Module 3 – Unit 1 & 3                        Engine Components and Principles and Cylinder Head




A catalytic converter fits into an exhaust system like a silencer box. It is located
close to the exhaust manifold so that it can reach its operating temperature as
soon as possible.

Leaded fuel must not be used in an engine with a catalytic converter because
lead will contaminate the catalyst and prevent it doing its job. It operates by
starting and then maintaining a chemical reaction in the exhaust gases. It
usually operates at higher temperatures than a silencer box. It has a heat shield
to prevent heat radiating to bodywork and other parts.

7.13 Flexible connections
There is a flexible connection
between an engine pipe and an
intermediate pipe. It is used
close to the engine.

Its main functions are to allow
engine movement and reduce
vibration without passing it
along the exhaust - especially in
front wheel drive vehicles.

It also helps with the alignment
of the pipes.




7.14 Thermal expansion
Thermal expansion refers to the
way some materials expand when
they're heated. The same amount
of heating can produce different
amounts of expansion in different
substances.

Components that are subject to
heating have to allow for this
expansion in their design. An
engine exhaust system is subjected
to very hot exhaust gases so its
components expand and contract
as they heat and cool. Mountings in the system are designed to allow this to
happen.




Heavy Vehicle Mechanic Phase 2             45                       Revision 1.0 September 2007
Module 3 – Unit 1 & 3                       Engine Components and Principles and Cylinder Head




Expansion of solids

Heating a solid causes it to expand in all directions but one of the most
important considerations is its increase in length or linear expansion.
Linear expansion is the expansion in length.




                                 Linear expansion

Definition:

The co-efficient of linear expansion is the increase in unit length, of a material
when its temperature is raised by 1°C.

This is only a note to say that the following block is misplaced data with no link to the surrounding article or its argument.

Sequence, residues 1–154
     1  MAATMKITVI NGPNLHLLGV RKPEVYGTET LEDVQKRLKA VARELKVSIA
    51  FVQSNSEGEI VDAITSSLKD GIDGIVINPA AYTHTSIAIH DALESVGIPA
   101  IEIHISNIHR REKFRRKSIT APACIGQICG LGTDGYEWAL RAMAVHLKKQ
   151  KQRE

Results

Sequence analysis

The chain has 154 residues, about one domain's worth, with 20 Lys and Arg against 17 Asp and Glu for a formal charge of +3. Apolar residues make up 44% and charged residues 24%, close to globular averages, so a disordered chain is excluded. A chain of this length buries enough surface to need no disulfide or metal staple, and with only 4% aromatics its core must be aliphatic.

Heavy Vehicle Mechanic Phase 2            46                       Revision 1.0 September 2007
Module 3 – Unit 1 & 3                          Engine Components and Principles and Cylinder Head




Simple experiment to show Linear Expansion

Equipment:

         Vessel to boil water (thermostat tester).
         Exhaust or inlet valve.
         Electronic Vernier or some accurate measuring device.
         One thermometer.

                  Thermostat tester with valve immersed in water.

Results:

               Original length of valve           =      110.9

               Final length of valve              =      111.02

               Valve extension                    =      0.12

               Original temperature of water      =      11°C

               Final temperature of water         =      100°C

               Change in temperature              =      89°C



Co-efficient of Linear           =                   Valve Extension
   Expansion                           Original length x change in temperature


                                 =                         0.12
                                                      110.9mm x 89°C



                                 =                            0.12
                                                            9870.1



Co-efficient of Linear           =                    0.0000122
   Expansion




Heavy Vehicle Mechanic Phase 2               47                       Revision 1.0 September 2007
Module 3 – Unit 1 & 3                        Engine Components and Principles and Cylinder Head




7.15 Silencer Box
The silencer box is located in the
exhaust system between the exhaust
manifold and the exhaust outlet.
It is usually made of sheet steel, coated
with aluminum to reduce corrosion.
Some are made of stainless steel.

A silencer box contains perforated
pipes, baffles and resonance chambers.